If you encounter a co-worker who is very critical of you, probably the best way to tackle the situation is head-on by discussing the problem with that co-worker. Listen to his or her side of the story. Don’t take anything for granted. This person can provide eye-opening information about his or her behaviour.
Ask the co-worker what the difficulty is or how he or she would handle things differently.
If the co-worker’s complaints are justified, discuss how you both could push for change.
If the complaint is not warranted, give a clear and frank explanation of what problems may arise or what a supervisor may resort to if the co-worker’s behaviour doesn’t change.
If you find yourself in the middle of a situation where two co-workers have a strong dislike for each other, you need to remain as neutral as possible. If you side with one, you hurt not only your relationship with the other but also affect the productivity of the department. Suggest to each of them that they seek help in solving their working relationship problem.
If you feel you’re unfairly treated and harassed by your supervisor, discuss the problem in private with the supervisor as soon as possible. State your feelings openly and frankly. Avoid being personally accusatory or antagonistic. Listen carefully to his or her side of the story. Try to work out a solution that meets the needs of both of you. Then do your best to make sure your actions are in line with the answer.
If the solution doesn’t improve after a few weeks, go to the human resources person or your supervisor’s boss and request a two- or three-way discussion of the problem. State your case to the best of your ability and listen carefully to the others.
If the problem continues, you can lodge a formal complaint with the Human Rights Commission or formally request a transfer; some workplaces are simply just too painful. A day-to-day negative attitude that persists is entirely unhealthy for you and inevitably will destroy your future with the company.
Attitude is a highly personal topic and very tied to your ego. If you tend to be negative, it may not be easy for your boss to talk to you about it. Being negative is usually apparent to others, including your co-workers, and can affect how they work with you.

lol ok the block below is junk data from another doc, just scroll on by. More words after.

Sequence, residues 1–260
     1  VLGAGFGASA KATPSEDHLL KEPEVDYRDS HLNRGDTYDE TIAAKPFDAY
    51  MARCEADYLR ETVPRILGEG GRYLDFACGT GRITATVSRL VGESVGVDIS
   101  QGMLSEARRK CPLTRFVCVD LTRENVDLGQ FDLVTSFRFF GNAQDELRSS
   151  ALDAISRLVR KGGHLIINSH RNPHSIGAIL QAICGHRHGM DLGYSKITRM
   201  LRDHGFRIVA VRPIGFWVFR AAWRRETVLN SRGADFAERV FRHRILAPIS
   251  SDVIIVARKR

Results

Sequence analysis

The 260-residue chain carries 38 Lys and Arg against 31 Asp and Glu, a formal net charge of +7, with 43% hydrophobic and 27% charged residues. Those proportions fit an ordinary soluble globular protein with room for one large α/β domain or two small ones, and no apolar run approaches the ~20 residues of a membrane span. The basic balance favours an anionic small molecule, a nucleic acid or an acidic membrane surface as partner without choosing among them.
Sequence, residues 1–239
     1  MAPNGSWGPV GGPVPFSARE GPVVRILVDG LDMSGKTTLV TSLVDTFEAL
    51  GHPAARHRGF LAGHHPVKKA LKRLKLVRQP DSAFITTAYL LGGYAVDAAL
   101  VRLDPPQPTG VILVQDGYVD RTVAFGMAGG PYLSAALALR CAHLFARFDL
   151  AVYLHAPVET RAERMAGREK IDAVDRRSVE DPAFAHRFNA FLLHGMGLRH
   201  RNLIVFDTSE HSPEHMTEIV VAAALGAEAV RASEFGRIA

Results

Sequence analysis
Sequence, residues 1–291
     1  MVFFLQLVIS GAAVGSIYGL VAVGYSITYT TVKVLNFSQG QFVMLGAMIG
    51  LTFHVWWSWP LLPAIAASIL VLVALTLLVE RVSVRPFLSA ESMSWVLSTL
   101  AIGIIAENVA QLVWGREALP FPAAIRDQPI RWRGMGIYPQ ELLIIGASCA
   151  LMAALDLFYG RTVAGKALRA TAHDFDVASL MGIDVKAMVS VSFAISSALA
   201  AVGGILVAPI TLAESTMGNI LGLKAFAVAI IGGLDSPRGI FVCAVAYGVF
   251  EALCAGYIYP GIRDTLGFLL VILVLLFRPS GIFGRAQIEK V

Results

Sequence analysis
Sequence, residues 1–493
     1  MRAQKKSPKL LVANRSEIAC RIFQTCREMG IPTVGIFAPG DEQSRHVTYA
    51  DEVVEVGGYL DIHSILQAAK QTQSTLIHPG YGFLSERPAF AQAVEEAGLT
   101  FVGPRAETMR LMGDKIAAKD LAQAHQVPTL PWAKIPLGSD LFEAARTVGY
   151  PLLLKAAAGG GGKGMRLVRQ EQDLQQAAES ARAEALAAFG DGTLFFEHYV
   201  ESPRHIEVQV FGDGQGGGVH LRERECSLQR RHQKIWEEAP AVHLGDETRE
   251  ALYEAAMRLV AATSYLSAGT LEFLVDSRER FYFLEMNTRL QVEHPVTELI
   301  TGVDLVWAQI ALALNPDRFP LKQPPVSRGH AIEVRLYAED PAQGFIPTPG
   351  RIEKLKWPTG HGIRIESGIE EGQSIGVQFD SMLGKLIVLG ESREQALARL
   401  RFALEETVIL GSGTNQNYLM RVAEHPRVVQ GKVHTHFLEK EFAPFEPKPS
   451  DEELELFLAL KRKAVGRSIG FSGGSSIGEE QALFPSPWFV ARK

Invariably your attitude is revealed in how you:
– approach your job
– handle problems
– react to directives
– work with others
It’s understandable the discouragement and frustration you’ll feel when you’re keen on changing jobs but have no luck with your job search, and you keep getting rejection letters. Often this discouragement could affect a job search and can come through in your application letters and meetings.
Let go of your negative feelings as much as possible, and focus on what you can control, not on what you are powerless to change. Be positive about your skills and what you have to offer a new employer.
Depending on your location, there are several places to go for help; don’t hesitate to use them.
It’s easy to get caught up on the “fast track,” You know, climbing the career ladder and receiving numerous promotions through your employment. I guess you could say you’re successful, but at working 80-hour weeks, you no longer have a personal life and possibly no longer enjoy the work you’re doing. What do you do now?
We live in a society where the idea of success is one that glamorizes overwork, over efficiency and exhaustion. Our peers tell us to aim higher, be all that we can be, and conquer any barriers that stand in our way. It’s hard to ignore the super-successful fast-tracker with total control and always doe it all. We must rethink our notion of success to one that includes our needs beyond work.
You may wish to consider some options:
Stay in the same place: by “plateauing,” you turn down the promotions and advancements you don’t want.
Do some backtracking: resist the traditional upward mobility route to take a few steps down the ladder within your organization; this may give you some needed breathing time.
Make a career shift: find more creative and satisfying uses for your talents in a new setting.
Become self-employed: transfer all of your skills to an enterprise where you can define the work you want and set the limits; keep in mind that at first, this can be stressful and very demanding.
If you need some help in establishing some priorities in your life, talk to a professional counsellor.
How we feel affects everything we do. When we’re positive, we’re usually more motivated, energetic and creative in whatever activities we pursue. And we’re generally happy with the results of the attempts have been our best.
Personal career success has worked, learning experiences and opportunities that are truly enjoyable, reflect who we are, and allow us to express ourselves. Being positive is the spark that ignites and fuels that success.
© Wordscapes® (David Turner). All Rights Reserved.